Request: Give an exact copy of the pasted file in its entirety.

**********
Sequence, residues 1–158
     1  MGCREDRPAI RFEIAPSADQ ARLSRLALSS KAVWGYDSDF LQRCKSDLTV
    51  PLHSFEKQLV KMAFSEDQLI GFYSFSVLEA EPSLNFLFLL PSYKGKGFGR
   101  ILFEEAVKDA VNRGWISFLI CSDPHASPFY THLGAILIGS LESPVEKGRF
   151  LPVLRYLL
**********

Sequence, residues 1–158
     1  MGCREDRPAI RFEIAPSADQ ARLSRLALSS KAVWGYDSDF LQRCKSDLTV
    51  PLHSFEKQLV KMAFSEDQLI GFYSFSVLEA EPSLNFLFLL PSYKGKGFGR
   101  ILFEEAVKDA VNRGWISFLI CSDPHASPFY THLGAILIGS LESPVEKGRF
   151  LPVLRYLL